Bricks help to reinforce Caruthers Hall’s local impact

Susan Purnell, right, sits with former teacher Ruth Bennett, as the two women review photos of Caruthers Hall and the students who attended. A “demonstration school” from 1955-1969, hundreds of students from the Salisbury community walked through its doors.

Susan Purnell, right, sits with former teacher Ruth Bennett, as the two women review photos of Caruthers Hall and the students who attended. A “demonstration school” from 1955-1969, hundreds of students from the Salisbury community walked through its doors.

Caruthers Hall was a landmark on Salisbury University’s campus for nearly 60 years, but many Wicomico residents might not know it was the site of a local elementary school.

A “demonstration school” from 1955-1969, hundreds of students from the Salisbury community walked through its doors, greeted by Principal Pauline Riall and teachers including the likes of Ruth Bennett.

Both worked at the school the entire time it was open in Caruthers.

“This is a time ago,” said Susan Purnell, examining photos of Caruthers Hall and the students who attended the campus elementary school it once housed.

“A long time ago,” added Ruth Bennett, who taught Purnell in kindergarten and second grade at the school in the late 1950s and early 1960s.

Together, looking at old images, Bennett and Purnell identified locations of the cafeteria, auditorium and library, as well as classrooms for each grade.

They remembered maypole celebrations and named attendees of the building’s cornerstone ceremony, including then-Gov. Theodore McKeldin, Maryland state Sen. Mary Nock, College President J.D. Blackwell and Riall.

“Because we were part of the college, we got to participate in a lot of things that the college did,” said Purnell, recalling plays in Holloway Hall and professors who came over to teach music and even Russian.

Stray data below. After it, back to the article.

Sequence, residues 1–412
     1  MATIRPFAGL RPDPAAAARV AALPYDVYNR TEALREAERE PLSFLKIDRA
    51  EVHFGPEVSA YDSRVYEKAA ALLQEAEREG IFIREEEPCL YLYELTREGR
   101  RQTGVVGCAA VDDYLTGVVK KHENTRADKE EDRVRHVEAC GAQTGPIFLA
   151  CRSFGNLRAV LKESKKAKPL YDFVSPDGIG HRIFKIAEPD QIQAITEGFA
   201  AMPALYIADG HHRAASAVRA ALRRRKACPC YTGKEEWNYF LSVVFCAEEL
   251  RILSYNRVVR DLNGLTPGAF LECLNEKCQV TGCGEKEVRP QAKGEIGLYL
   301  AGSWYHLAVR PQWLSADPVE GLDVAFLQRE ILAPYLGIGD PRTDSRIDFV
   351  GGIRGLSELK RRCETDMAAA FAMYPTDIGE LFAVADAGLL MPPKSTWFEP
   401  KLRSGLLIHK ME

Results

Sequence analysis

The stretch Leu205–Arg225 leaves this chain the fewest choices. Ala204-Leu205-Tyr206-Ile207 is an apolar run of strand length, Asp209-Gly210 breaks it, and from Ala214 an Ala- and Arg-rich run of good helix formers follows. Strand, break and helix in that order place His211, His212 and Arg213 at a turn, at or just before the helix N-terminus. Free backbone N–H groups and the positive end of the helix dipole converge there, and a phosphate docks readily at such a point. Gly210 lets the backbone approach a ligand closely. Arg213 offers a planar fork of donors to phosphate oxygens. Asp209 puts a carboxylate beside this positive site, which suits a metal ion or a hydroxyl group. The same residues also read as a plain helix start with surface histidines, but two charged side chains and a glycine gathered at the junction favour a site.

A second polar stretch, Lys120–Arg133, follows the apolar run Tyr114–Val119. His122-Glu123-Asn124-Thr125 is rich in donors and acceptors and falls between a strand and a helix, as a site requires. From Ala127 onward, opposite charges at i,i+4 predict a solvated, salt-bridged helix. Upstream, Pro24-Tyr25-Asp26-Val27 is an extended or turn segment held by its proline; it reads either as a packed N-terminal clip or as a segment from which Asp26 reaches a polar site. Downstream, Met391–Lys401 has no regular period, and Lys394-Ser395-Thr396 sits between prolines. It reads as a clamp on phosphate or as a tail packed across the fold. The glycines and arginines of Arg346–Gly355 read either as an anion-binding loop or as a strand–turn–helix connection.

Bennett said the student teachers provided individual attention to the students.

“It made you feel special; the whole school made you feel really special,” Purnell added. “I can say, by far, that we were more prepared for junior high than anybody else in the county. It was like having a private school education in a public school.”

After demonstration schools closed, the building mainly served SU’s Education Department until the Teacher Education and Technology Center opened in 2008. Then it became home to the Franklin P. Perdue School of Business until Perdue Hall was completed in 2011. Caruthers also housed Delmarva Public Radio studios over the years.

Bricks from the dismantled Caruthers Hall are being sold as part of a fund-raising campaign.

Bricks from the dismantled Caruthers Hall are being sold as part of a fund-raising campaign.

The facility was named for Dr. “T.J.” Caruthers, one of SU’s founding faculty members and the grandfather of author Tom Horton, who today teaches in SU’s Environmental Studies Department. For over three decades, Caruthers taught mathematics and psychology, supervised rural practice teaching, played cello in the orchestra, and temporarily led both the school and the college itself.

For community members, like Bennett and Purnell, who have special memories of Caruthers Hall and the campus school, a limited number of bricks from the building are available through the University’s Alumni Office and its website.

Each brick has a commemorative plaque that reads: “Salisbury State Teachers College Demonstration School to Salisbury University Caruthers Hall, 1955-2013, the foundation on which educational excellence was built.”

Bricks are $25 if picked up at SU’s Alumni House or $31 if mailed. To purchase, visit http://alumni.salisbury.edu/CaruthersBrick. For more information contact the Alumni Office at 410-543-6042.

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